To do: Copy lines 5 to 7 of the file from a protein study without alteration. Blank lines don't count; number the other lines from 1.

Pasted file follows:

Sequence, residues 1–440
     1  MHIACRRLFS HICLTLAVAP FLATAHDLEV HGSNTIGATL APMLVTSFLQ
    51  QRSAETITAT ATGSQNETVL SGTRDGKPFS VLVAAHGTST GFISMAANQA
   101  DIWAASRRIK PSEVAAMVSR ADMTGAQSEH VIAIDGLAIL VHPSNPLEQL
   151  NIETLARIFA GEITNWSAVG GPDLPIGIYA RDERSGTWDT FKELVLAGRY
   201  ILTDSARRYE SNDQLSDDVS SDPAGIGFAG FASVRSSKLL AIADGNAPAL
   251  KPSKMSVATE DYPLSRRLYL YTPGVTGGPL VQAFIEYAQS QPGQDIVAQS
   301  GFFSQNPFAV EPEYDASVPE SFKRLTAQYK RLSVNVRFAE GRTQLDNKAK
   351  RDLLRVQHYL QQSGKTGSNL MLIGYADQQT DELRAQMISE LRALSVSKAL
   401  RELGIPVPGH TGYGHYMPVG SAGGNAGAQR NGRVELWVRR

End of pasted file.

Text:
   151  NIETLARIFA GEITNWSAVG GPDLPIGIYA RDERSGTWDT FKELVLAGRY
   201  ILTDSARRYE SNDQLSDDVS SDPAGIGFAG FASVRSSKLL AIADGNAPAL
   251  KPSKMSVATE DYPLSRRLYL YTPGVTGGPL VQAFIEYAQS QPGQDIVAQS